axial motion which are functions of axial distance. These equations

of motion are solved in the MAIN program. Figure 8 illustrates the

relationship between the MAIN program and the two subroutines.


Bessels Equation for Complex Argument

The numerical integration of equation 2.51 is performed in

SUBROUTINE BESSEL using values of Ken computed by use of equation

2.53. As suggested by Ramo and Whinnery [25] let Kcn2 equal -g2 so

that equation 2.51 can be written


3.1 dR + g2R = 0
dr2 r dr

the solution of which has the desired form


3.2 R = C10o(gr).


In order to transform equation 3.1 into a form more compatible with
dR
the method for numerical solution let -d = P. Solution of equation
dr
3.1 now reduces to the solution of three simultaneous first order

ordinary differential equations.


3.3 r 1,
dr













Start mai program


Read inut data


Call seR l a


Continue


Cnll Fild


Continue



Solve equations 2.55
and 2.56 for space
harmonic amplitude at
the trajectory radius



Integrate equations
2.54 and 2.57



Compute electron energy
and phase


F End


SUBROUTINE BESSEL

Integrate equation 2.51 using
equation 2.52 for all space
harmonics of interest


SUBROUTINE FIELD
Compute the space harmonic
amplitude ratio


Figure 8. Main Program and Subroutines














dR
3.4 d= P,
dr


dr r

For use in the numerical integration process in SUBROUTINE BESSEL

variables and their associated derivatives can now be defined. Let

V and D denote variables and derivatives respectively. Let


3.6 V1 = r

V2 = R

V3 = P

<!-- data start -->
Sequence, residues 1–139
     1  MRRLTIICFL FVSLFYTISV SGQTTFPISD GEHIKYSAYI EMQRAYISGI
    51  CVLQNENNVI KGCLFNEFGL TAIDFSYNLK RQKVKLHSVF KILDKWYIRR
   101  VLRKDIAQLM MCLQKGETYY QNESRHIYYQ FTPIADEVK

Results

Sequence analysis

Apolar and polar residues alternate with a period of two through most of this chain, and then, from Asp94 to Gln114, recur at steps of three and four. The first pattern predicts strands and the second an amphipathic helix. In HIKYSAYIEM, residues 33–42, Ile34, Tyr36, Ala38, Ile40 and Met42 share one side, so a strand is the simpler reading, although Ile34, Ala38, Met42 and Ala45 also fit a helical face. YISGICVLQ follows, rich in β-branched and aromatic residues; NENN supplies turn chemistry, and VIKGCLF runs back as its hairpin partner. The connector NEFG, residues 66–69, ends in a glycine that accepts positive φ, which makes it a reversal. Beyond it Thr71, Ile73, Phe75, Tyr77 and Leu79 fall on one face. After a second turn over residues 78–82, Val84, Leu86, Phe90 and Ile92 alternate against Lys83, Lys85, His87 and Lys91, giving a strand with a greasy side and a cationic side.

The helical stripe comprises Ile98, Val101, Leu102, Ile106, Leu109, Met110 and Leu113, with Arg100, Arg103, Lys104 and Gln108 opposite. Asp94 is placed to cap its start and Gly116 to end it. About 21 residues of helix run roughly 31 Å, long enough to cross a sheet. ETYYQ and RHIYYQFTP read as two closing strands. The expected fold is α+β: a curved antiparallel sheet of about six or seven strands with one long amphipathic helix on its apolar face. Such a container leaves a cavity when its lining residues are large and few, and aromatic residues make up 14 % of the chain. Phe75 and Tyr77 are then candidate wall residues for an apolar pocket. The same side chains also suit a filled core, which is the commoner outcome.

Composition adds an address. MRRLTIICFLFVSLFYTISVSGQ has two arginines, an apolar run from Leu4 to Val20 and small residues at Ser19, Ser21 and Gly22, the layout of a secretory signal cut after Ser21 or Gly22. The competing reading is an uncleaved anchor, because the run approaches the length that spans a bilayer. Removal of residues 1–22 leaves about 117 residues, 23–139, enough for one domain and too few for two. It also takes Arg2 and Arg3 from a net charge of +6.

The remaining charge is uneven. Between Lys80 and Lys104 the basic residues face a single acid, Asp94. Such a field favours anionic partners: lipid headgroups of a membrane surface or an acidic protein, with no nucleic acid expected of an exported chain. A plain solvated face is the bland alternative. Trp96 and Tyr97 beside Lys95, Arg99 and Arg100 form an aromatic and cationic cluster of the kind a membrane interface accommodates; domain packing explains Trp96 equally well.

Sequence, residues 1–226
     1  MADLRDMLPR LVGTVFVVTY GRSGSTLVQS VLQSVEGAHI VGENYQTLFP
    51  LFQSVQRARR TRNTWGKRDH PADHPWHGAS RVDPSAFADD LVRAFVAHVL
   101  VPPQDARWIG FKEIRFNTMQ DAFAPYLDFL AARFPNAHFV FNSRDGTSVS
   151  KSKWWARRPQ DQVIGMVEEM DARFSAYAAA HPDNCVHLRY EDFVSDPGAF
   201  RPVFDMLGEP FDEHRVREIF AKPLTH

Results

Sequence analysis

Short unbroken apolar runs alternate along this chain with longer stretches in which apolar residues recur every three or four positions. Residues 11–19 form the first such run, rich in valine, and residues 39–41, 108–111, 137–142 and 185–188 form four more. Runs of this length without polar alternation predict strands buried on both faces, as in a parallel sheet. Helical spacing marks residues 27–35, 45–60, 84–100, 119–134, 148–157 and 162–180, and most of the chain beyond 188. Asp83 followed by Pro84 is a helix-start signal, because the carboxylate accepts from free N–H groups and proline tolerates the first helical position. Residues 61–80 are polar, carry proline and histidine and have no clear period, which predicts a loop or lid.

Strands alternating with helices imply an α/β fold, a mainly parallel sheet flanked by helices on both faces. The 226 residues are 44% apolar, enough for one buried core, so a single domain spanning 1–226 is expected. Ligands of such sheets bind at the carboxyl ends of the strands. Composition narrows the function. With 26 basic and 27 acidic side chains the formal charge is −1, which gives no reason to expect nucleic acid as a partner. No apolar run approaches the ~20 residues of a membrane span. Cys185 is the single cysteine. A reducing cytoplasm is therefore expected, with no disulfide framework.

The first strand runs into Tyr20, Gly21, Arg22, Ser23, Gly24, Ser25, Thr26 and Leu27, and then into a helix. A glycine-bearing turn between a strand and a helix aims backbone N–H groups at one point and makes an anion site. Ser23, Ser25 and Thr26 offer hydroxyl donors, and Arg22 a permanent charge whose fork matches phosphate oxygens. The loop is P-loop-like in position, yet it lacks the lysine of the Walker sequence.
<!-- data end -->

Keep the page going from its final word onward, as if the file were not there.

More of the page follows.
therefore,


3.7 U1 = dr

dR
D2 =-dr


and


dP
I) dP
3 U-7

For use in the program each derivative must be defined in terms of

one or more variables from equation 3.6. This is accomplished by

using equations 3.3 through 3.5 in conjunction with equation 3.6.

The resultant expressions in FORTRAN language are in the LIST of

SUBROUTINE BESSEL shown in Appendix A.













From equation 2.52, Kcn is shown to be complex when structure

attenuation is considered; therefore, SUBROUTINE BESSEL was written

in complex notation [26]. A detailed logic flow diagram of SUBROUTINE

BESSEL is shown in Figures 9 and 10. The majority of the operations

indicated in the flow diagram are self-explanatory, and the follow-

ing discussion is merely to clarify some steps which might be ambiguous.

The results of the numerical integration of equation 2.52 for

each space harmonic considered were stored as a function of both space

harmonic number and radial position. The solution to equation 2.52

was defined as a subscripted variable RNUM'I.. The first subscript

(NUM) refers to the space harmonic number for which the integration

was performed. The second subscript (I) refers to the radial posi-

tion associated with each numerical value. In FORTRAN language

DIMENSION subscripts are required to be nonzero positive integers;